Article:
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News

Russian Media Executives Lambast Foreign Funding Bill as Repressive

Russian media representatives slammed as repressive and damaging a recently introduced bill that would oblige media to declare foreign funding at a session in the State Duma on Thursday, the Interfax news agency reported.

The bill would require media to report all funding they receive from abroad — with the exception of advertising and funds from the company founder — to Roskomnadzor, the state media watchdog, or pay a fine for failing to do so. Multiple violations would allow a court to close down the offending media outlet.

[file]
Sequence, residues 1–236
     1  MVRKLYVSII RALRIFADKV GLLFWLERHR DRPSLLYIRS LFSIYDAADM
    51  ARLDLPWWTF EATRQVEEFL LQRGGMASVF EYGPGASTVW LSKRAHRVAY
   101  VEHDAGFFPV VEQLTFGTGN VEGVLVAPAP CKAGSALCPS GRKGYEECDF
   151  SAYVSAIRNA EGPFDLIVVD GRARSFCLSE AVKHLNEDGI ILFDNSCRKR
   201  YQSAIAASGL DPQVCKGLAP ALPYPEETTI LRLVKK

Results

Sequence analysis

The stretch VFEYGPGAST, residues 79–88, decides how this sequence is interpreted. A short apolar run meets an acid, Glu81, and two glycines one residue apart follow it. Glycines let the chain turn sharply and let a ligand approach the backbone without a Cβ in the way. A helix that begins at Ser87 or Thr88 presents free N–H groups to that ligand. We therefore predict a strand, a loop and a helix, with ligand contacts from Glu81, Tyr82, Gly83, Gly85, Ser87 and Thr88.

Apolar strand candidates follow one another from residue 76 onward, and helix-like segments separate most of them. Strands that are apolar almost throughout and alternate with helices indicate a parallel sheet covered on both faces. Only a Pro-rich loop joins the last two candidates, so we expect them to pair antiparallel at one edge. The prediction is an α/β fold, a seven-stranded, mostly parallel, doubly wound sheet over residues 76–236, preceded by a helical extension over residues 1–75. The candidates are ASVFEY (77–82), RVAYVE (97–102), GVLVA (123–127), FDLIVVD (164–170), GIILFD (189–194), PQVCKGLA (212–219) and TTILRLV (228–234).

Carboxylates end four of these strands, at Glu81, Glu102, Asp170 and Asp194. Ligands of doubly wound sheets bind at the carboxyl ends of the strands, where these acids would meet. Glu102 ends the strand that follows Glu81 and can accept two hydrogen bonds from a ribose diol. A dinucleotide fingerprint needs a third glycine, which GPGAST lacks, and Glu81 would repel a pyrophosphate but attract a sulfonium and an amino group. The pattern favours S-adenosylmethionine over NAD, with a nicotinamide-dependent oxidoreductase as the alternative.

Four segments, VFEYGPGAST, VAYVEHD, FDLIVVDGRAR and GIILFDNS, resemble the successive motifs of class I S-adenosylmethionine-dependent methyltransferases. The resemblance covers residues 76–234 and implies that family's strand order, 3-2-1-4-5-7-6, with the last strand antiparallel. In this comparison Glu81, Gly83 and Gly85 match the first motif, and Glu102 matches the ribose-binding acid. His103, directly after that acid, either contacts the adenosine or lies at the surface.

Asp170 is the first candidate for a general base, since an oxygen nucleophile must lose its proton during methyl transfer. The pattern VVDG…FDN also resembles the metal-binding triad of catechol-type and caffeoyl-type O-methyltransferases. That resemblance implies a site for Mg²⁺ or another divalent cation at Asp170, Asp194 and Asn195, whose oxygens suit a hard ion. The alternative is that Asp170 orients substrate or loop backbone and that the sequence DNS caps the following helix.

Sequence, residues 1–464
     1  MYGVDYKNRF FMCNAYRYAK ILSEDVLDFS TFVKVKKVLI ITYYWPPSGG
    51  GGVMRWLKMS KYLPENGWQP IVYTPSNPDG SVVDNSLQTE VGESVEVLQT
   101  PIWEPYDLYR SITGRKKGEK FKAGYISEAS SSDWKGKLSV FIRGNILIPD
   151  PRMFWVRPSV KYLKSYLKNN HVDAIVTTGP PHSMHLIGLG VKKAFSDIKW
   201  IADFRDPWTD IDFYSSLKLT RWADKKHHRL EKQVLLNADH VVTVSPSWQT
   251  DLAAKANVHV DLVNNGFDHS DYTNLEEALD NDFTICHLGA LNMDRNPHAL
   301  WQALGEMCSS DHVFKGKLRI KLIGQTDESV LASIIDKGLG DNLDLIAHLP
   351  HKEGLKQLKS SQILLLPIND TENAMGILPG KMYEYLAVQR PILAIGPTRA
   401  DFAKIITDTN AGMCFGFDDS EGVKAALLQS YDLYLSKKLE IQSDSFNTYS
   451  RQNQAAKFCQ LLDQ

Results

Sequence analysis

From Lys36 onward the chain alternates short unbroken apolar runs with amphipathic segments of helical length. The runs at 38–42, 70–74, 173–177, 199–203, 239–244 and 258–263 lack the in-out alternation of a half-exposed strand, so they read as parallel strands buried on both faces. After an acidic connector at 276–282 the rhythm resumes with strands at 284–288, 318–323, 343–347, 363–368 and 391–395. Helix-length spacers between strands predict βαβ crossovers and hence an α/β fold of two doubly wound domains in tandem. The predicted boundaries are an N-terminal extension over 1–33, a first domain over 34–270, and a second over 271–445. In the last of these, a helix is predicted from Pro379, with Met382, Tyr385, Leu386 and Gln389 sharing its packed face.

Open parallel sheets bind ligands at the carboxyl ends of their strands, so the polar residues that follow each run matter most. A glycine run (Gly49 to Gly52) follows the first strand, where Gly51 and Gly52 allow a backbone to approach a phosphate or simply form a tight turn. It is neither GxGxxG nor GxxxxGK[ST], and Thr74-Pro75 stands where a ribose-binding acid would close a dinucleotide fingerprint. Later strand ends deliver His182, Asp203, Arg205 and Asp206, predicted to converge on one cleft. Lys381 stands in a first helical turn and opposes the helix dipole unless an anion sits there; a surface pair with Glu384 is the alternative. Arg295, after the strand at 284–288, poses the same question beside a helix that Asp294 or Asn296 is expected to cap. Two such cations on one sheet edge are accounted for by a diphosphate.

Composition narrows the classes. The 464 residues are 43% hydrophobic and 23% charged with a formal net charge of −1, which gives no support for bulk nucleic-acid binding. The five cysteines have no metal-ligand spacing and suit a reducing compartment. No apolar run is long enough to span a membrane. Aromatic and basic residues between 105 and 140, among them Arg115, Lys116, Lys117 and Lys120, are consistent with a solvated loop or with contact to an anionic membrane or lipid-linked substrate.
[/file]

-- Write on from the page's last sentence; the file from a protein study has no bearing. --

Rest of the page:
Since the bill would make it possible for media outlets to be closed down, it could be used as a repressive instrument, the head of Vedomosti newspaper's legal department, Vladimir Rumyantsev, told a meeting of the Duma's information policy committee, Interfax reported.

When a media organization sells a subscription, it cannot check the buyer's citizenship, but if the buyer is foreign, the company will have unintentionally violated the bill, he added.

“This bill is fighting against phantoms that don't exist, and sets down aims that it won't achieve, while achieving other aims: It will eliminate independent media, leaving only state outlets,” Rumyantsev was cited by Interfax as saying.

Kommersant newspaper's CEO Maria Komarova said that the bill, which was introduced by an inter-party group of Duma deputies on Oct. 7, can be interpreted as repressive in its current version, Interfax reported.

Leonid Levin, head of the Duma's information policy committee, said at the meeting that the bill would be edited and revised during the parliamentary hearings it must undergo before it can become law, Vedomosti reported.